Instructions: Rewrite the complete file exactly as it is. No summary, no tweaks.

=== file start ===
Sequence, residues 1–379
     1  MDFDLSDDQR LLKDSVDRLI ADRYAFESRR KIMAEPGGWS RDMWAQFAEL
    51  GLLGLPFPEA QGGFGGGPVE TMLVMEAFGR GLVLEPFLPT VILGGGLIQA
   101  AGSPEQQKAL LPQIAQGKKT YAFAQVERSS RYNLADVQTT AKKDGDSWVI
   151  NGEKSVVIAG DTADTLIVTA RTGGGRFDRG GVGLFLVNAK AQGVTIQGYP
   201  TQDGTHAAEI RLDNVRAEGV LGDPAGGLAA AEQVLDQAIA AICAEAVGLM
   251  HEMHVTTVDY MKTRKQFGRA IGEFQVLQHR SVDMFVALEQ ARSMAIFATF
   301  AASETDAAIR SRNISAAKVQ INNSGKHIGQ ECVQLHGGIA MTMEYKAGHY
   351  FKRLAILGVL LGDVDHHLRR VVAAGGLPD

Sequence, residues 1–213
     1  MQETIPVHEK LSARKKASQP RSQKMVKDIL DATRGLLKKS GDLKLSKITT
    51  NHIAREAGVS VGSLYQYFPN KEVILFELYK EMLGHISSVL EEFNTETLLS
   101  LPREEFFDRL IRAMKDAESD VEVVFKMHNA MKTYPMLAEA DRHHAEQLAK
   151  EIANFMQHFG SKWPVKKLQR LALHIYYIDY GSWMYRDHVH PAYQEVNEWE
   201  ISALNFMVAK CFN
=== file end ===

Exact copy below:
Sequence, residues 1–379
     1  MDFDLSDDQR LLKDSVDRLI ADRYAFESRR KIMAEPGGWS RDMWAQFAEL
    51  GLLGLPFPEA QGGFGGGPVE TMLVMEAFGR GLVLEPFLPT VILGGGLIQA
   101  AGSPEQQKAL LPQIAQGKKT YAFAQVERSS RYNLADVQTT AKKDGDSWVI
   151  NGEKSVVIAG DTADTLIVTA RTGGGRFDRG GVGLFLVNAK AQGVTIQGYP
   201  TQDGTHAAEI RLDNVRAEGV LGDPAGGLAA AEQVLDQAIA AICAEAVGLM
   251  HEMHVTTVDY MKTRKQFGRA IGEFQVLQHR SVDMFVALEQ ARSMAIFATF
   301  AASETDAAIR SRNISAAKVQ INNSGKHIGQ ECVQLHGGIA MTMEYKAGHY
   351  FKRLAILGVL LGDVDHHLRR VVAAGGLPD

Sequence, residues 1–213
     1  MQETIPVHEK LSARKKASQP RSQKMVKDIL DATRGLLKKS GDLKLSKITT
    51  NHIAREAGVS VGSLYQYFPN KEVILFELYK EMLGHISSVL EEFNTETLLS
   101  LPREEFFDRL IRAMKDAESD VEVVFKMHNA MKTYPMLAEA DRHHAEQLAK
   151  EIANFMQHFG SKWPVKKLQR LALHIYYIDY GSWMYRDHVH PAYQEVNEWE
   201  ISALNFMVAK CFN